In The News ...

Farmer's sweet invention
Fargo Forum 11/16/2007 - Jon Knutson
Abercrombie, N.D.

 

Don Gunness has proved the skeptics wrong. He's also proven the power of believing in your own ideas.

Two decades ago, the Abercrombie beekeeper and farmer began producing a device to extract honey more easily.

Some of his neighbors laughed at the invention, known as the Dakota Gunness Uncapper, and predicted it would be a failure.

But beekeepers worldwide are now using the machine, and Gunness is vindicated.

"It was a gift of God," he said of his creation. "That's what I always say when people ask me where the idea came from."

A little background:

Bees seal the honeycomb cells containing honey with wax for storage. The wax seal must be removed before honey can be extracted.

When Don Gunness and his wife, Alice, entered the apiary business, they used a machine they purchased to do the job, but the machine didnít work well, causing delays and frustration.

"I told him, 'Either you make this work or else you build one that does. There's no way I'll keep this up if you don't,'" Alice said.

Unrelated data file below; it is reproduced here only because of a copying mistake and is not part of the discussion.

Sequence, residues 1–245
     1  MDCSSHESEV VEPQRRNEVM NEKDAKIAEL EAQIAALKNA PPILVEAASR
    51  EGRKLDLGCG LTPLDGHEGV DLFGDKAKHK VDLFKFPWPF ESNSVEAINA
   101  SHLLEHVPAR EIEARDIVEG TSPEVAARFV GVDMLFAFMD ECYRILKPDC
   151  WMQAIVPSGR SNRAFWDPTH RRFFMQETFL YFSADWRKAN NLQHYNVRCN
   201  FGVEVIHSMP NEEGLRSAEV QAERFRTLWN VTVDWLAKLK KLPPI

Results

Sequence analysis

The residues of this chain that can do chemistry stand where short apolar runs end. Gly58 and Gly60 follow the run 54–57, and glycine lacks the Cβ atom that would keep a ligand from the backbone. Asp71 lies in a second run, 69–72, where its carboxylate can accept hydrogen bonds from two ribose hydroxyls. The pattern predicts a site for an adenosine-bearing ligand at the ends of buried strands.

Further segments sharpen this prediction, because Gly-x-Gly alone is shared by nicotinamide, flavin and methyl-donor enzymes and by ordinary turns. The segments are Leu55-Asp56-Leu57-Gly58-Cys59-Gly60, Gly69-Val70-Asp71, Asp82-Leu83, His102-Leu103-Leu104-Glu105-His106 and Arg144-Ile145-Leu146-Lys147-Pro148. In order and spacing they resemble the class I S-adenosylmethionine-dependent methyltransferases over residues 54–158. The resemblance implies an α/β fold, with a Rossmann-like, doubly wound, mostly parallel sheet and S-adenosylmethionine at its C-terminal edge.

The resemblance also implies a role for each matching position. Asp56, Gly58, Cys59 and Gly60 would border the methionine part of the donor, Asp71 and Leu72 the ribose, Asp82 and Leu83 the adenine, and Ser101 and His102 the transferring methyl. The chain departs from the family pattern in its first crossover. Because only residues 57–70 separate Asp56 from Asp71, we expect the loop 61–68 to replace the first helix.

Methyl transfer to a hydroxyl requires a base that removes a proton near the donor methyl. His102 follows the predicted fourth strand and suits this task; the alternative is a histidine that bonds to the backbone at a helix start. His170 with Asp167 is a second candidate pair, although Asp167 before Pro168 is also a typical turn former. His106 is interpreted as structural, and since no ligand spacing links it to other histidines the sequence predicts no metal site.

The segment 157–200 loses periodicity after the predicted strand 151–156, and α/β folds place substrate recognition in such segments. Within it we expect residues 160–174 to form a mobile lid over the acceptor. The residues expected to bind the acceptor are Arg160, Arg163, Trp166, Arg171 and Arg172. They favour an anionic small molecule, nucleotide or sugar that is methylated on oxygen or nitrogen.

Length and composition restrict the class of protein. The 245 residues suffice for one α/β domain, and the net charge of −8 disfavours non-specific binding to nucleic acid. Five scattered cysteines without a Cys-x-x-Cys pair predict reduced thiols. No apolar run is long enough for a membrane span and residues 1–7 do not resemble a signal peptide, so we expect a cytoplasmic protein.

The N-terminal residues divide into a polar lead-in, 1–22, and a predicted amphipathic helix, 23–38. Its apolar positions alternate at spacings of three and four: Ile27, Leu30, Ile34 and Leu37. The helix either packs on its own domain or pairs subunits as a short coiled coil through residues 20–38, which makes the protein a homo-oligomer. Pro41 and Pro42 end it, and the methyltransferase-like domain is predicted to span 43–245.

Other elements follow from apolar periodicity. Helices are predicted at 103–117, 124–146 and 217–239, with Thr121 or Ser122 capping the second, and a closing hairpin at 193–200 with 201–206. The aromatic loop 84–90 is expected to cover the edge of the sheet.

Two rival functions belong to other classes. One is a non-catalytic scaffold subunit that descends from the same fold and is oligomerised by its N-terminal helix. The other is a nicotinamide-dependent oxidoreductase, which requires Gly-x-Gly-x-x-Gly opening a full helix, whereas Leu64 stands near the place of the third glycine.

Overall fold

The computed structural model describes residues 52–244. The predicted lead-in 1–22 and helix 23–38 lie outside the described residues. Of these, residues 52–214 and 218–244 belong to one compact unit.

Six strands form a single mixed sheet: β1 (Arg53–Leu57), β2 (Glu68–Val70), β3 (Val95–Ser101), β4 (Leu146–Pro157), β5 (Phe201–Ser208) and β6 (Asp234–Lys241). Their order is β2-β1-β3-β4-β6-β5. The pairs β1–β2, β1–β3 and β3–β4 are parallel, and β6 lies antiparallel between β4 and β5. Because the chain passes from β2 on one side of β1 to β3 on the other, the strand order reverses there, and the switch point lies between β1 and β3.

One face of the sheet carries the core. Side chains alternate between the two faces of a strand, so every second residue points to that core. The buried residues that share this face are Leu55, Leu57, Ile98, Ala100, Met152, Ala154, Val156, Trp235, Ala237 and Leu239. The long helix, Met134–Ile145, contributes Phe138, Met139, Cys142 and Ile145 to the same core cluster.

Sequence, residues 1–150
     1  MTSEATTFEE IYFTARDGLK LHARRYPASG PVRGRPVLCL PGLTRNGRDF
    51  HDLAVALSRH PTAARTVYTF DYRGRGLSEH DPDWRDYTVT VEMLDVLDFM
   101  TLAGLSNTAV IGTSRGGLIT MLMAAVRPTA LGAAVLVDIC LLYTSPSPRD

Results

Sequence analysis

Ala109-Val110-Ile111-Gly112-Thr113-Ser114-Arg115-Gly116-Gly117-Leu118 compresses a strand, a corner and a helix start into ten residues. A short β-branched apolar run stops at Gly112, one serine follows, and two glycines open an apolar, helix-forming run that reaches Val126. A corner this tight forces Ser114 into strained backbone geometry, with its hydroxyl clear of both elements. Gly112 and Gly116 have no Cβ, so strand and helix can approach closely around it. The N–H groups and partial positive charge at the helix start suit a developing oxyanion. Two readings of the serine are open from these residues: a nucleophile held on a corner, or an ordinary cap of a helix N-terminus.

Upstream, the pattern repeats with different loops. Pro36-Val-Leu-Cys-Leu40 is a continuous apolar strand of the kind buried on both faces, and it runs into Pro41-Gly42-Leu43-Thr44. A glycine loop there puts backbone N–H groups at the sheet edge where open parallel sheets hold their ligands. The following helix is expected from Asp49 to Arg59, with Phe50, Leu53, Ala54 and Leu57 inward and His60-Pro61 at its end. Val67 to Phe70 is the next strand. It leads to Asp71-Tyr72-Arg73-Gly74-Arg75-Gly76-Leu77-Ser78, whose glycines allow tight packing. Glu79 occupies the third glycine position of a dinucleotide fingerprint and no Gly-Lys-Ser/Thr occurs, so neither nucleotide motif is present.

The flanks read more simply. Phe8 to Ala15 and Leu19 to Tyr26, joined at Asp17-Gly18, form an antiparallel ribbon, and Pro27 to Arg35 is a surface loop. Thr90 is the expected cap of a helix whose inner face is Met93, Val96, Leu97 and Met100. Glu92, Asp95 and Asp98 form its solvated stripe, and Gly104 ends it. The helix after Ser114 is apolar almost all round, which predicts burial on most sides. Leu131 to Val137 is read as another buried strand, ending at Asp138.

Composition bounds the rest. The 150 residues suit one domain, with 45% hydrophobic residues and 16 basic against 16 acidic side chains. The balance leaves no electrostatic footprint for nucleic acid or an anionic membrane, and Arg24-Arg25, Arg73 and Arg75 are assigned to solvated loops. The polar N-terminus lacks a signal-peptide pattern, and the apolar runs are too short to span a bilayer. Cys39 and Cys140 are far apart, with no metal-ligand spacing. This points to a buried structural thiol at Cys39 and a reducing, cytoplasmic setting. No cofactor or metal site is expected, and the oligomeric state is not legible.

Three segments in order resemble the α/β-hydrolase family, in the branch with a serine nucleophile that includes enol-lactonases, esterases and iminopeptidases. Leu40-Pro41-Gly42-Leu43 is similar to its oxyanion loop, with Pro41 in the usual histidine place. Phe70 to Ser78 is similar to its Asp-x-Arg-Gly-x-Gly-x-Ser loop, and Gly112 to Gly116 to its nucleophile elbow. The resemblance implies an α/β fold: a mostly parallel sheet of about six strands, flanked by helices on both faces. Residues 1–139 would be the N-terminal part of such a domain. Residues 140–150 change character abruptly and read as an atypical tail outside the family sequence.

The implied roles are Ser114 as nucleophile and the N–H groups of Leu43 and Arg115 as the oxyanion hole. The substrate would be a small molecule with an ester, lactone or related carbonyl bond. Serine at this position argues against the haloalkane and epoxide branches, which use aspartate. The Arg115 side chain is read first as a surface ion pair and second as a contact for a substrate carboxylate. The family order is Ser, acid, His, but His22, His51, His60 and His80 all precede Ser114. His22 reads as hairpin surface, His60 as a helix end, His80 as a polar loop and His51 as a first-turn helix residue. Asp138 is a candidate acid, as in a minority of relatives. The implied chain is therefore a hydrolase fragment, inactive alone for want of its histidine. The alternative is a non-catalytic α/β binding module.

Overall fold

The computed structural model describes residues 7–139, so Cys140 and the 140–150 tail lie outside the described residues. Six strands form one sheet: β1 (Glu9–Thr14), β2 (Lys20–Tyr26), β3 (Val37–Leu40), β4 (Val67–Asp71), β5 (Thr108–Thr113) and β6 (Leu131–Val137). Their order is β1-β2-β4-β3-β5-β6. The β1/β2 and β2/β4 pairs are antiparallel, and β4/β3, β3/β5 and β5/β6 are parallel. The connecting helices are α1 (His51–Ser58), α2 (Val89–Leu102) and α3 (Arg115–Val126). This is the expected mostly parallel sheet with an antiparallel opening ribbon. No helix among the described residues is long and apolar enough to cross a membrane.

He later patented his invention, which removes the wax seal from the end of honeycomb cells.

The 350-pound machine, equipped with two electric motors, is fabricated in an old lumber-yard building in Abercrombie that Gunness purchased.

The stainless steel uncapper, assembled on their farmstead, costs $4,500. An 8-foot conveyor extension costs an additional $2,000, a 5-foot extension $1,500 more.

The family business Ė Alice handles the phone sales and son Arthur also is involved Ė sells about 25 machines annually. The potential market isnít large, Don Gunness said. Furthermore, the machine is so durable that it lasts for years before wearing out, which limits sales, he said. "We've been very happy with it. It's durable, and it works," said Dick Ruby, a Milnor beekeeper who purchased a Dakota Gunness Uncapper years ago. The machines have provided a nice supplement to the family farm income, Gunness said.

"We never wanted to make a fortune, and we haven't made a fortune. But we've had fun, and we've met so many wonderful people," Alice Gunness said.

She and Don praised several people, including Victor Myhre and Robert Wohlwend, who have helped with the uncapper through the years. Don Gunness, 79, said he never wanted publicity for himself or his invention. But he wants others to benefit from what his invention taught him. "I want to tell people with ideas and dreams not to give up. Always follow up on your ideas," he said.